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The Israel Academy of Sciences and Humanities The Hebrew University of Jerusalem cordially invite you to a Joint Conference on
Orality and Literacy XIV: Textualization
Sunday-Wednesday June 20-23, 2021
Sunday, June 20, 2021
Israel Academy of Sciences and Humanities
(Originally posted on haverford.edu)
Aryeh Kosman, Haverford's John Whitehead Professor of Philosophy Emeritus, died early [June 17] of complications following a fall. He was 85.
After receiving his undergraduate and M.A. degrees at the University of California, Berkeley, he briefly studied at Hebrew University before earning his Ph.D. from Harvard University. He joined the Haverford faculty as an assistant professor in 1962, was promoted to full professor in 1973, became the Whitehead Professor in 1987, and retired in 2010.
"Aryeh was a star in Greek Philosophy," says Joel Yurdin, Haverford associate professor of philosophy. "Many of his articles are required reading for anyone writing on the topic, and they covered virtually every area of the field, including metaphysics, ethics, philosophy of mind, and philosophy of science." Such scholarship led to visiting professorships at Princeton, UCLA, and Berkeley and, in 1985, an award for distinguished teaching from the Lindback Foundation. That honor affirmed what, by then, thousands of Fords already knew: Prof. Kosman was thoroughly devoted to his Haverford students.
Call for Fellows: Data Visualizations Using the D’Argenio Collection
Seton Hall University Libraries support excellence in academic and individual work, enable inquiry, foster intellectual and ethical integrity and respect for diverse points of view through user-focused services and robust collections as the intellectual and cultural heart of the University. Walsh Gallery, based in the Library, manages the University’s museum collections, and the Library’s Data Services division assists the University community in managing and presenting their data.
The ACLS is running two searches this summer at ACLS. They seek a Program Officer in International Programs (regular ongoing staff position) and a Program Officer in Higher Education Initiatives (two year term).
These positions are excellent for classics Ph.D.s looking to stay in academic contexts but do a different kind of work from teaching and researching.
The SCS Board of Directors has co-signed the following statement, which has been authored jointly by the American Association of University Professors, the American Historical Association, the Association of American Colleges & Universities, and PEN America. As of June 16, 2021, 80 organizations have endorsed the statement.
You can read the full text and list of signatories below and read the press release by the American Historical Association here.
June 16, 2021
We, the undersigned associations and organizations, state our firm opposition to a spate of legislative proposals being introduced across the country that target academic lessons, presentations, and discussions of racism and related issues in American history in schools, colleges and universities. These efforts have taken varied shape in at least 20 states; but often the legislation aims to prohibit or impede the teaching and education of students concerning what are termed “divisive concepts.” These divisive concepts as defined in numerous bills are a litany of vague and indefinite buzzwords and phrases including, for example, “that any individual should feel or be made to feel discomfort, guilt, anguish, or any other form of psychological or emotional distress on account of that individual’s race or sex.” These legislative efforts are deeply troubling for numerous reasons.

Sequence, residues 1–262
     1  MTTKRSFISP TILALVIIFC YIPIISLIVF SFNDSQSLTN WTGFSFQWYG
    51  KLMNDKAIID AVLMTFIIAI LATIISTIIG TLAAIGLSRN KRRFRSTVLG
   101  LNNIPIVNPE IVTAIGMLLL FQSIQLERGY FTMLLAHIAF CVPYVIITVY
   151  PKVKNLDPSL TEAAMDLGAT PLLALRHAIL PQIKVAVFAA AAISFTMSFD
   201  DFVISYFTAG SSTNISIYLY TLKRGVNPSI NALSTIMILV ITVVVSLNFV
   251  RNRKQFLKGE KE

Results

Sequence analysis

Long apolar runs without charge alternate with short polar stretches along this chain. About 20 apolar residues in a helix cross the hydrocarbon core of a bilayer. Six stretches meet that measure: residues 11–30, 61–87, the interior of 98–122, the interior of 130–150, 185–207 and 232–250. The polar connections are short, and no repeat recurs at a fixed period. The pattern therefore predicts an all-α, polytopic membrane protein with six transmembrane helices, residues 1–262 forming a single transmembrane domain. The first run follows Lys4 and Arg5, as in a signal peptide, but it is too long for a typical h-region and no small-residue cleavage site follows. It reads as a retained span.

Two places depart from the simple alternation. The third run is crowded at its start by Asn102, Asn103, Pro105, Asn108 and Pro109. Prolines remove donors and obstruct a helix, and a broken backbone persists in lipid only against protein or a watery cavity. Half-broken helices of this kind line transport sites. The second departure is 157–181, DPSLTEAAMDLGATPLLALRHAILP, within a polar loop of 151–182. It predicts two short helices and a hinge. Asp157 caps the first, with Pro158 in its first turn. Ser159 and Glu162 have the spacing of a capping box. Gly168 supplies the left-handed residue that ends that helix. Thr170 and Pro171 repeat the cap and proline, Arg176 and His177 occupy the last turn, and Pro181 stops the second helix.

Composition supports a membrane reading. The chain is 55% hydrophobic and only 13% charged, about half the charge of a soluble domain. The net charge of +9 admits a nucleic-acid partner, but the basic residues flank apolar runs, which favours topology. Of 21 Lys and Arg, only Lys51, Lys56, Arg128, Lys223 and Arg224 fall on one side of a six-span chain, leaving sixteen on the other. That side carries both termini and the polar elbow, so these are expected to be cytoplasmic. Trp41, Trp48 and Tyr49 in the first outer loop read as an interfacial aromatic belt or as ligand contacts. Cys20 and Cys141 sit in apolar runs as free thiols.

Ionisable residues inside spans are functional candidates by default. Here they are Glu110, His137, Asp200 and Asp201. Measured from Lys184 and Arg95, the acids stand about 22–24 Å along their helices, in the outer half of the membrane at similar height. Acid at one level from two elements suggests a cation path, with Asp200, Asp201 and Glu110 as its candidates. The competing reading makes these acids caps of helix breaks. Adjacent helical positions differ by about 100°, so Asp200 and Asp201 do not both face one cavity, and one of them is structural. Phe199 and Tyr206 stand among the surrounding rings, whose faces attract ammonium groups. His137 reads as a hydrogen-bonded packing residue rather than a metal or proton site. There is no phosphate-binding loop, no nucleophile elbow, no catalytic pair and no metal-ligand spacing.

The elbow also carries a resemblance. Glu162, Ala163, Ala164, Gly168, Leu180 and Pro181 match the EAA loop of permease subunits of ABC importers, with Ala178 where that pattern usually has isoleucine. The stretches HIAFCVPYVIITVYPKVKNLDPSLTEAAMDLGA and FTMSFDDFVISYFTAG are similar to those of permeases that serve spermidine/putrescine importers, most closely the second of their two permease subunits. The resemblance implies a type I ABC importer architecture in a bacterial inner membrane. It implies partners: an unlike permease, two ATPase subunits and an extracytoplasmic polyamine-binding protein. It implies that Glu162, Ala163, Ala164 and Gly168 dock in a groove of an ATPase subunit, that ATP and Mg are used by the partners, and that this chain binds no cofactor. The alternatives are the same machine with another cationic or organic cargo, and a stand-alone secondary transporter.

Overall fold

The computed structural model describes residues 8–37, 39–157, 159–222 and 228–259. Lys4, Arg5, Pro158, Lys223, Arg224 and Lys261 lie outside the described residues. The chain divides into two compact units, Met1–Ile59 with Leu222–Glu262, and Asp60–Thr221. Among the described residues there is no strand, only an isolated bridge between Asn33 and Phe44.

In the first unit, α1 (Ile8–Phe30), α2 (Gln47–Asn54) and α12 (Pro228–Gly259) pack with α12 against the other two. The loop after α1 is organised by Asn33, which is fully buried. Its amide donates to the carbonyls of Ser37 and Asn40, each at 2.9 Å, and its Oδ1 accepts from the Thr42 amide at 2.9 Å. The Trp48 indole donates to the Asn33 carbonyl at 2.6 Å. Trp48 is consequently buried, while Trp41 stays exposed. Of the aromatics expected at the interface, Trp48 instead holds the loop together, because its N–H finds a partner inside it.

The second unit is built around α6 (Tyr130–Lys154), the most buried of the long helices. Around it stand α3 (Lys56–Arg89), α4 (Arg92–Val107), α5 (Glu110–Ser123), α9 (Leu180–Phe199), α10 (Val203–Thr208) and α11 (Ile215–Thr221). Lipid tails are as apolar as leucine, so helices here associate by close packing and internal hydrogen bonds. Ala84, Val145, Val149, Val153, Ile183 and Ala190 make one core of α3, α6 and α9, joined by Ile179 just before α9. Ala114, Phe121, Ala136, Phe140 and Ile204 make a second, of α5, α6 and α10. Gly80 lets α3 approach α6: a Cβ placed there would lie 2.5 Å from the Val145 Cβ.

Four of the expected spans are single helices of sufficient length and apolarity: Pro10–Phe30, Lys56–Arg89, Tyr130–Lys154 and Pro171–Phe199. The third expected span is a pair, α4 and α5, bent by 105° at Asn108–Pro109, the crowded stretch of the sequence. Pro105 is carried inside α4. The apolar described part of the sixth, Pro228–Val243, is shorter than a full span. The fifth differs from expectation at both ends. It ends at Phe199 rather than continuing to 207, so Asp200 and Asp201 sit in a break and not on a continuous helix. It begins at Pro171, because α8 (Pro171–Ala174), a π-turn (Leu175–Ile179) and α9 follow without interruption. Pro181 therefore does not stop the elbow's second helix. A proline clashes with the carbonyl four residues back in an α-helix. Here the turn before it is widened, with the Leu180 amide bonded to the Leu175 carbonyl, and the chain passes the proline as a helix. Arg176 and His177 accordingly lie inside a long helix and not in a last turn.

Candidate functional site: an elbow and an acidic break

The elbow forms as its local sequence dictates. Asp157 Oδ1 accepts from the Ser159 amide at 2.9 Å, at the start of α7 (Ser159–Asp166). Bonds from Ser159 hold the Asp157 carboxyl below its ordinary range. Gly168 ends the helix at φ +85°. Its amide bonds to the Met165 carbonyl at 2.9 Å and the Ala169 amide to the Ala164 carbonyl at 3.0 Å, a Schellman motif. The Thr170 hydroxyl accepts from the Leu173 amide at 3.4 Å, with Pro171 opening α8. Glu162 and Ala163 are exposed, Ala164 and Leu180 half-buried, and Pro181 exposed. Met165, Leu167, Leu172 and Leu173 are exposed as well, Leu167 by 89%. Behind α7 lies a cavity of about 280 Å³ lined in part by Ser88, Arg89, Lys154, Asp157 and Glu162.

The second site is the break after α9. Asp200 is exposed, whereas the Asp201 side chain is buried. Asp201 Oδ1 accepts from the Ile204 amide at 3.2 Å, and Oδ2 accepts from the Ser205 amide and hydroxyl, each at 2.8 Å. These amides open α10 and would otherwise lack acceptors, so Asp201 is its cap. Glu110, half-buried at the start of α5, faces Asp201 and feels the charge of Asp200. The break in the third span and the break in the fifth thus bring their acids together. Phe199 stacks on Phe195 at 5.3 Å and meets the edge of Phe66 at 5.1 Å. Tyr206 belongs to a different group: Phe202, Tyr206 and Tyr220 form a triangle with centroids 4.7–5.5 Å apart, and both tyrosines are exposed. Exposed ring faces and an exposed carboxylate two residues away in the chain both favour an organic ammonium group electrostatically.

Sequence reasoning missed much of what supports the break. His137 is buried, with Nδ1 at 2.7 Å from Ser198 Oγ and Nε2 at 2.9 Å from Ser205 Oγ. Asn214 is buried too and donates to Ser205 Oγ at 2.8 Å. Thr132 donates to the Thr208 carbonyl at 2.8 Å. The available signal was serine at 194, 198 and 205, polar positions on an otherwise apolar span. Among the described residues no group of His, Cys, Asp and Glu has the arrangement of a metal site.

TLL Fellowship 2021-2022 Application Cycle
Supported by a Generous Grant from the National Endowment for the Humanities
Call for papers: Human Crime and Divine Punishment in Ancient Didactic poetry
Trinity College Dublin, 10-11 March 2022
As has long been observed, ancient Didactic poetry is not merely a vehicle to convey technical information and instruction. Justice and the place of humanity in the cosmos are already central concerns of Hesiod’s Works and Days, which attributes the harsh realities of agricultural life to a history of transgression, moral decline, and punishment. Similar questions continue to fascinate his didactic successors, who not only develop Hesiodic material, for instance in the departure of Justice from Earth in Aratus’ Phaenomena, but also explore other manifestations of divine intervention, such as through myths of metamorphosis and catasterism. In some didactic poems, such as Virgil’s Georgics or Oppian’s Halieutica, the pursuit of their subject matter itself poses the risk of violating ethical norms or overstepping mortal boundaries.
24-27 June 2021 (Northern Hemisphere)
25-28 June 2021 (Southern Hemisphere)
Conference Organiser: Anastasia Bakogianni
Hosted by Massey University, New Zealand
City Lit, one of London’s largest adult education colleges, and the British Museum are organising Classics Week.
Classics Week runs from 21-25 June 2021 and takes inspiration from the British Museum’s current exhibition Nero: the man behind the myth (27 May- 24 Oct). Join us for a programme of online talks, discussions, and taster courses exploring the subject of power in ancient Rome.
LatinOCR and Rescribe are related optical character recognition (OCR) tools that substantially accelerate the conversion of scanned Latin to Unicode text and, in the case of Rescribe, to searchable PDF format. Both are pleasant to use but require a degree of comfort with command-line tools, at least to get up and running.